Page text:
This particular assignment was with the pupose of "tying together nursery and home" and "getting parents to reinforce the healthy eating message".
So, yeah, they were interested in what we were feeding the kids. And its kind of awkward.

bojorojo Fri 16-Dec-16 01:29:24

Hmmmm. There are many parents who are a barrier to effective learning by their offspring. No doubt your nursery already has children who are way behind when they enter the nursery. Their life chances are already diminished at age 3. So I would expect any decent nursery to try and address this. You are just caught up in it and no doubt you are an asset but I bet you cannot say this about every parent!

smellyboot Fri 16-Dec-16 07:19:24

Our school is nothing like what OP describes. Schools send stuff by book bag, emails, text etc and yes people still claim they don't get it. The PTA busts a gut to raise extra funds for all and don't get any special treatment. Most parents work. In school play ground people just talk to who ever is stood there or don't if they don't want to. Kids organise times to play at each other's houses between themselves and ask parents if they can play. Some times parents organise it for their own convenience too e.g can x come to yours for a play as I need to to go xxx. Teachers work very hard for the benefit of all the children. Like all relationships, it's not always perfect but it's a two way process IMO

Heathen4Hire Fri 16-Dec-16 07:22:15

Ooh I hear you. YANBU.

6 years in, and I hate it.

happystory Fri 16-Dec-16 07:24:44

The teachers are almost messianic about improving children's lives ... whoah, how awful of them.

Mellowmarsh Fri 16-Dec-16 07:35:13

Interesting comment from unlimited about the cultural differences between teachers and parents/kids. I come frm a working class are a and it was very clear that middle class teachers often just didn't 'get' the kids they were teachng. and this could have very bad effects.

VintagePerfumista Fri 16-Dec-16 07:40:32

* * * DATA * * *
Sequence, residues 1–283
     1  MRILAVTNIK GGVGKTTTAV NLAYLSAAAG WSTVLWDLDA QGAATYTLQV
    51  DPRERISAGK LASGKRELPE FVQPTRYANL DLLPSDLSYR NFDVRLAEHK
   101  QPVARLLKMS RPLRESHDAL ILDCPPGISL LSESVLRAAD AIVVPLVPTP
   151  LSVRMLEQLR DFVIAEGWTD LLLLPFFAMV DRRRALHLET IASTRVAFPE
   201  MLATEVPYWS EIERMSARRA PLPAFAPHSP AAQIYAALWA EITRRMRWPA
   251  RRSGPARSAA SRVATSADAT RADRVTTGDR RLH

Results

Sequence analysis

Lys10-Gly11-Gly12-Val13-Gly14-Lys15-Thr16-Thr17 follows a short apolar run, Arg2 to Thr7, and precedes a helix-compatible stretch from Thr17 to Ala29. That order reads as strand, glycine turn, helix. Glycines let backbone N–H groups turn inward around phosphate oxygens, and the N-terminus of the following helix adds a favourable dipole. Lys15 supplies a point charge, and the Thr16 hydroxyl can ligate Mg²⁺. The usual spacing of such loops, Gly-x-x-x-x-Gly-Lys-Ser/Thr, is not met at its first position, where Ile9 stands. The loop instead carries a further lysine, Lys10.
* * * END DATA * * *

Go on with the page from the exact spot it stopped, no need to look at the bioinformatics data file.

Your child loves it.

And you put it in brackets like it's an afterthought.

That's all that matters.

None of the rest is important.

The fact that you rant on for several paragraphs about the minutiae actually says you are more bothered about it than you claim.

Have a read of some of the threads where parents are worrying their (often young) children are suicidal because of stuff that happens at school. Have a read of some of the threads where parents bang their heads against a wall for years trying to get help for their children, where their children are being bullied.

Then get yourself a nice big grip.

VintagePerfumista Fri 16-Dec-16 07:42:36

unlimited- you really don't have much of a clue about the EY curriculum do you?

You know, talking about food and drink, learning about rules etc.

Maybe you could do with a bit of a read.

Mellowmarsh Fri 16-Dec-16 08:06:39

Vintage, I wouldn't be impressed if ds's nursery gave out homework like that. There are better ways to encourage interest and learning in food. And I don't really think of our home life n terms of rules and I wouldn't want his nursery to encourage him to.
And Happy, unlimited spoke of feeling that nursery seems to regard parents as a barrier to improving life chances, which is a very different angle and suggests a need for a better engagement if parents are feeling a bit alienated by the approach.
I feel Unlimited was trying to give an insight into how she feels as a parent and think it is better to hear that than dismiss it.

bojorojo Fri 16-Dec-16 17:09:29

Mellowmarsh. Unfortunately we cannot have everything we want from education and there is a massive drive to "close the gap" at the moment. It is highly likely that some parents will not want to be bothered to read to their child every day. They cannot find the time. Some parents barely speak to their children because they are on the phone all the time. Language delay is increasing. We know many children in deprived areas are not ready for school in very many ways - language, behaviour, concentration, etc. Parents do need to engage with the Nursery but it is frequently the case that they prefer to carry on with their lifestyle and not put much effort into the needs of their children. I clearly said I did not believe the OP to be like this.

There is also a problem with believing teachers do not "get" certain children. Why would this be the case? In most schools, teachers very much "get" the children. The curriculum is there for all. Schools desperately want children to do well, but school is also a place where good behaviour and a good learning culture is expected. Why should schools drop standards for a few children if their standards benefit the majority?